UNC Kenan-Flagler students at the Undergraduate Business Symposium.

Eight great tips for finding internships

UNC Kenan-Flagler students at the Undergraduate Business Symposium.You are between the age of 18 and 20 years old. You’re a college student who works hard and looking forward to a business career one day. You have this thing called a resume, and it is pretty much blank. How do you fill it? Oh, of course, a summer internship! However, the real question is how do you land one?

To help undergraduate students answer that and other career questions, UNC Kenan-Flagler Business School hosted its 34th annual Undergraduate Business Symposium on Sept. 7. At a panel about internships, UNC Kenan-Flagler students shared their experiences finding and securing summer internships after their freshman and sophomore years. Here are their top tips for landing an internship.

1. Don’t be afraid to use your connections. Finding an internship after your freshman or sophomore year is hard, often due to lack of experience. You are competing with many applicants who are older and have more job and in-class experiences. So, don’t be afraid to use your familial connections. If your mom’s best friend is the senior VP at a local company you’re interested in, reach out to her. Maybe it will lead to a job and the experience that will help you land the next job you apply to.

2. Get connected on campus. UNC has many different avenues to get involved and UNC Kenan-Flagler also has many clubs you can be a part of. Clubs have a listserv you can sign up for, and they send out job or networking opportunities. This is a great way to find jobs and ask older students questions about their experiences.

3. Be authentic. Don’t go into interviews and fill out applications pretending to be someone you are not. The panelists emphasized being yourself and allowing future employers to get to know you for who you are and not who you are trying to be. Employers are people, too, and want to get to know you on an individual level. They understand that you have concerns or do not know everything and they appreciate vulnerability and honesty.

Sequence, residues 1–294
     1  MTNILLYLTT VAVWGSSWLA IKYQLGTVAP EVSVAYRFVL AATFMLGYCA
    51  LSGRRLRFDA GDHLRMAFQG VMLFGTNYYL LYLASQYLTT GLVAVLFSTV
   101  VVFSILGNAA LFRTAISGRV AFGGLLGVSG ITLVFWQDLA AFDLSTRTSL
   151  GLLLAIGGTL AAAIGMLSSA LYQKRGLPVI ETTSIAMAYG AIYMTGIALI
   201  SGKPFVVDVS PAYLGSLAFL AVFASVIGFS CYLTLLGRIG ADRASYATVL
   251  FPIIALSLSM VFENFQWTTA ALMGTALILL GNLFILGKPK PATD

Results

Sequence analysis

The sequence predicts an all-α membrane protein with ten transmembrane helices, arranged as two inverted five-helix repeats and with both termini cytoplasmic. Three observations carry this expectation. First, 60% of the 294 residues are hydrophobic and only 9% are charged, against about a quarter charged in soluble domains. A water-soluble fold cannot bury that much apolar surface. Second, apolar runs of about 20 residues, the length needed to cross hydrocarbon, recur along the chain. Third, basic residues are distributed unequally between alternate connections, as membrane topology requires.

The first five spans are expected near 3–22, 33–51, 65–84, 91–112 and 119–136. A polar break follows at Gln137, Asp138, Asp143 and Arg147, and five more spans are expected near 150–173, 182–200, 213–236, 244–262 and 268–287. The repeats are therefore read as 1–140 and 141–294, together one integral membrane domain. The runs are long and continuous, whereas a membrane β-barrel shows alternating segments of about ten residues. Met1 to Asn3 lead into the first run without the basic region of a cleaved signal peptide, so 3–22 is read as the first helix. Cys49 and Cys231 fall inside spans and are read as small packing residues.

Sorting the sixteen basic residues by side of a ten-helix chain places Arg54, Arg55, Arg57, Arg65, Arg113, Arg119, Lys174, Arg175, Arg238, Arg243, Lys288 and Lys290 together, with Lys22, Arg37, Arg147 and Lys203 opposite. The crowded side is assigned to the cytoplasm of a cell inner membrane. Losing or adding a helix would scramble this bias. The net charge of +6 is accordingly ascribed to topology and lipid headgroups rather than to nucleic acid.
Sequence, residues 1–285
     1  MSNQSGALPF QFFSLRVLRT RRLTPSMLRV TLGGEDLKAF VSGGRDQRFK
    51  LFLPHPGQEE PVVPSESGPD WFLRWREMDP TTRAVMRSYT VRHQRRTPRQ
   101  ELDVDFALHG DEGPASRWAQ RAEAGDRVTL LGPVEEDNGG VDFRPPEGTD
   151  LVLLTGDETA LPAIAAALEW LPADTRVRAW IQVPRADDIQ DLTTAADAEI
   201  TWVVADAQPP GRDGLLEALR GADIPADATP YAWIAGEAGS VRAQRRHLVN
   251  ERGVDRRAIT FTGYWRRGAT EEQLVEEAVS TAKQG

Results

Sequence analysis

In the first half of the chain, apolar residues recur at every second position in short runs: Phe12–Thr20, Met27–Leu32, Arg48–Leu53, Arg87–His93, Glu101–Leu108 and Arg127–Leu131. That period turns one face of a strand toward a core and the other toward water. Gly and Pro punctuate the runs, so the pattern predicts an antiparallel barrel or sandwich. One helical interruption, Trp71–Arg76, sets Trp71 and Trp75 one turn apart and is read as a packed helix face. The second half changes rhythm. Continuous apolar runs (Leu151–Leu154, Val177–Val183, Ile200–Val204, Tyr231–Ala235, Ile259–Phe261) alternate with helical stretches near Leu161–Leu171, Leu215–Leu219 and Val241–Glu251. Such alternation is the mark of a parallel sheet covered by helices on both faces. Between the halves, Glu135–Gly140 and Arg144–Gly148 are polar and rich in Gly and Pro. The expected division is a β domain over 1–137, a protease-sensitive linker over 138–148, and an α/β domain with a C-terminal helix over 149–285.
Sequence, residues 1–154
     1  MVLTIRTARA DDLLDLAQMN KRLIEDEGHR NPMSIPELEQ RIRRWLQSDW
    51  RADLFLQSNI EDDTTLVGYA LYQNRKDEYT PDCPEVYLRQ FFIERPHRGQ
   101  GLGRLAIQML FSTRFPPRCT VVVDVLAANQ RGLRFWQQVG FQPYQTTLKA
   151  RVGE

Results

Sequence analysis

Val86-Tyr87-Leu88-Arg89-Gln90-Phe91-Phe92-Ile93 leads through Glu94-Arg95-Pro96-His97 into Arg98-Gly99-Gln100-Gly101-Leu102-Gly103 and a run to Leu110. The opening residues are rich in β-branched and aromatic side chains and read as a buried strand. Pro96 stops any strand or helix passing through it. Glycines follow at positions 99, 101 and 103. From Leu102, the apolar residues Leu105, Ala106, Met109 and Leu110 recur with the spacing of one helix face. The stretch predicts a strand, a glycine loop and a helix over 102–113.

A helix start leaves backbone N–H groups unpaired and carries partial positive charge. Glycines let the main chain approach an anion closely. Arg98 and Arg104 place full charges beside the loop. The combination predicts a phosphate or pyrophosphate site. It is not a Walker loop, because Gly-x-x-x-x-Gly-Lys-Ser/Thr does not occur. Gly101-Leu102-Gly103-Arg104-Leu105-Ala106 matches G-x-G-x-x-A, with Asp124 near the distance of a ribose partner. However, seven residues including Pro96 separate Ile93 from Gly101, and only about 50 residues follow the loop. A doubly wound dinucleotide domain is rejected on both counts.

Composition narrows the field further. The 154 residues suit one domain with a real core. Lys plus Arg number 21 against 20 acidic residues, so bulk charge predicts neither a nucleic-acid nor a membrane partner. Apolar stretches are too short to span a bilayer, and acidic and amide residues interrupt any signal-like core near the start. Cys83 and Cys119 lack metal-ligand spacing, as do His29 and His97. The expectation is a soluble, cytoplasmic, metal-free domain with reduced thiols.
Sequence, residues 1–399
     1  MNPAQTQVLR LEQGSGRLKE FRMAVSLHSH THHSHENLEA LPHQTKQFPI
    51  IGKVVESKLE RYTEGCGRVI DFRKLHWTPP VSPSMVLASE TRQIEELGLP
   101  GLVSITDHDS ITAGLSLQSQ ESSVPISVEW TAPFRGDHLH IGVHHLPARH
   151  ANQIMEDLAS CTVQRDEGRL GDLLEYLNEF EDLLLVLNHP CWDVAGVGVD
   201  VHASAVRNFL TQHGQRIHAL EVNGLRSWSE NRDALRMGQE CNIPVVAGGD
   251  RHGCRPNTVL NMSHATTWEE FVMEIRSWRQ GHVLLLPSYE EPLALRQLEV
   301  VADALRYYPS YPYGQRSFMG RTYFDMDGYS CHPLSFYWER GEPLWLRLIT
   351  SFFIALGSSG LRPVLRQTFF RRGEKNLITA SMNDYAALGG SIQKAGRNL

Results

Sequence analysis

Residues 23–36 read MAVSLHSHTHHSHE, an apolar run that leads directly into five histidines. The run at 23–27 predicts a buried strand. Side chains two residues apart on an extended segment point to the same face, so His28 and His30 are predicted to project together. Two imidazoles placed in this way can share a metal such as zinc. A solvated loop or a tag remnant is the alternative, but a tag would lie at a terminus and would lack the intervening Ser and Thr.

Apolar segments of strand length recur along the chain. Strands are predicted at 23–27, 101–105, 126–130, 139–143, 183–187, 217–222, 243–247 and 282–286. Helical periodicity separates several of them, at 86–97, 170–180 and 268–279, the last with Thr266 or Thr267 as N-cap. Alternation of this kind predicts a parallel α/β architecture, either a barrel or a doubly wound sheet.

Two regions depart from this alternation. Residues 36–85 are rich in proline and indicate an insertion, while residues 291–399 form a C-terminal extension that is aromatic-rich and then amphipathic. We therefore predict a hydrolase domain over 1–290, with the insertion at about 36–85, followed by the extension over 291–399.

4. Think of interviews as valuable practice. One of the panelists spoke about his internship quest as a source for interview practice. He applied to everything and took each interview as a practice opportunity. Interviews are a great way to develop confidence in your abilities and improve your quick-thinking skills. The more you do, the better you will be.

5. Try new things. You might not know what you want to do. That is okay! Reach out to companies even if you haven’t heard of them and apply for positions you might not have considered. This will increase your chance of finding a position. And who knows, you might end up loving something you’ve never heard of. There is no harm in trying.

6. Meet as many people as you can. This applies in all situations. Whether you are at a networking event, club meeting or even in class. You never know what kind of connection you will make. One panelist shared her story of how waiting tables for someone lead to an internship the next summer so, you never know who you will meet can lead to an opportunity!

7. Prepare for interviews. Although every interview is different, many of the same questions are asked. Employers want to know who you are and how you handle different situations. Think about yourself and do some self-reflection. Prepare yourself for questions like, “Tell me about yourself?” and practice your answers and delivery to those questions. You will feel more comfortable when the time comes for an actual interview.

8. Have fun. All of the panelists agreed that an undergraduate summer internship is not going to make or break your entire career. They encouraged students to go off the beaten path and find something fun to do for a summer internship. Whether it is working at a restaurant in a fun city or spending a summer at camp, those experiences can be valuable in your job search.

By Caroline Alessandro (BA ’20)